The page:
Building on CyberPowWow 2K’s examination of “…that place where Native meets non-Native” , CPW04 uses the eco-warrior and rapacious capitalist archetypes as a means of engaging artists and audience in the debate. Should cyberspace evolve towards a creative commons similar to that proposed by Lawrence Lessig? Does such a communal sharing structure have a prayer of flourishing in an increasingly commerce-oriented and government-controlled network? Or, from the other side, if many of the resources of cyberspace are unnaturally expandable, won’t there eventually be enough for everybody? If so, shouldn’t exploitative self-interest be used as the driver for ensuring that expansion continues?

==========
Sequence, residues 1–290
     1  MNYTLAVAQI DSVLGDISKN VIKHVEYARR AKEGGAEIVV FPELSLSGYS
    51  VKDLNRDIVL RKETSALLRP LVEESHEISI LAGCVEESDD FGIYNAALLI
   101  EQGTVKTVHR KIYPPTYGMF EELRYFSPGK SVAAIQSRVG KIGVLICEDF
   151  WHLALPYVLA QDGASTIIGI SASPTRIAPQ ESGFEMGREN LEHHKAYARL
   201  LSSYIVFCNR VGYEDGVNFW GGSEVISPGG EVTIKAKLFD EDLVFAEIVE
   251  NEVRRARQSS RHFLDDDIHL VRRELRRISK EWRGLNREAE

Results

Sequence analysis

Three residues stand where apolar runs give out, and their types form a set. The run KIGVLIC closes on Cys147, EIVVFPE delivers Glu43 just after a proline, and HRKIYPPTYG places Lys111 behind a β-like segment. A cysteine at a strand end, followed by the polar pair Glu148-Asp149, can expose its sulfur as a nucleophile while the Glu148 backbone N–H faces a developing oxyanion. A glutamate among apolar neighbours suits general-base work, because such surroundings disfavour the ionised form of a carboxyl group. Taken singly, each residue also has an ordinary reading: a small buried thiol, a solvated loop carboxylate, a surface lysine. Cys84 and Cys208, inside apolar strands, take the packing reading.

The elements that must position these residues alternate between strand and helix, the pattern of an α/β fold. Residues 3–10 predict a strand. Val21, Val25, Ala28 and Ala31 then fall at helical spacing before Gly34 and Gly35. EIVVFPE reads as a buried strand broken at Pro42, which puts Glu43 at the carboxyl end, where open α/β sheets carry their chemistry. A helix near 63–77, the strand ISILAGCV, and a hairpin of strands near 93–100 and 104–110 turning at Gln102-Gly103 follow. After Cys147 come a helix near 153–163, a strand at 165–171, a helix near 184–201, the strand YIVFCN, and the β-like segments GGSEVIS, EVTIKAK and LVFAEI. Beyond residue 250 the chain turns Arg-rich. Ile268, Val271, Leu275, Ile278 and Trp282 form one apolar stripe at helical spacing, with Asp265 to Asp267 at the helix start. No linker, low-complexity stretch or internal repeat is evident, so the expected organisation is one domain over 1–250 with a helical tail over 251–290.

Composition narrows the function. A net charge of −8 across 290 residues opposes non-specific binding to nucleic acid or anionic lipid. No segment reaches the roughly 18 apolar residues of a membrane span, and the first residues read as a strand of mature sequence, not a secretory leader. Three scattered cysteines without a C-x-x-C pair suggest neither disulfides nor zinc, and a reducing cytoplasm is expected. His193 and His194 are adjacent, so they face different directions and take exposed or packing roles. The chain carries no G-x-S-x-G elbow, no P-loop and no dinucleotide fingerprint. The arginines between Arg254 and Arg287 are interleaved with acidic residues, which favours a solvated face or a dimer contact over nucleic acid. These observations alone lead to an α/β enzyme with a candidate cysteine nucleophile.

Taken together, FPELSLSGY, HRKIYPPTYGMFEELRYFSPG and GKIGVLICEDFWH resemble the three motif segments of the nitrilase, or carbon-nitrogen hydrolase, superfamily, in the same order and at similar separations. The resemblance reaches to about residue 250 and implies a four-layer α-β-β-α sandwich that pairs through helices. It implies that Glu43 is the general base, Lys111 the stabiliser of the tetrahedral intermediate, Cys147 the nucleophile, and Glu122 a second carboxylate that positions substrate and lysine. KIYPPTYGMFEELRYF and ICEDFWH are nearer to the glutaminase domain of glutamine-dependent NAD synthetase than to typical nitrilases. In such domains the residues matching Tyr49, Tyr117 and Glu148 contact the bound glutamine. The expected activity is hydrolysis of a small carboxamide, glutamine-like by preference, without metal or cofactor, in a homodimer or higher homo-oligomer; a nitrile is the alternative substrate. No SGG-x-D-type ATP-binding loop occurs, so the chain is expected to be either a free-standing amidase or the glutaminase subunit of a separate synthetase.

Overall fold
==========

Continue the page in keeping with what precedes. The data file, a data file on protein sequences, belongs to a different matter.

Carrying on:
CPW04 invites artists to respond to these questions from both historical and contemporary standpoints. As the first residents of Turtle Island, Native peoples tend to posses a sense of responsibility to the land that has only relatively recently become part of the majority culture’s discourse. Most First Nations still maintain the land under their control with an eye towards the seventh generation, though some do not. The non-Native peoples came to this land looking for resources to exploit, yet now they experiment with ecological sustainability in many ways, from local recycling efforts to international accords on air pollution. The eco-warrior and rapacious capitalist don’t substitute for the much more complex reality, but they do clarify the issues and provide a basis for argument.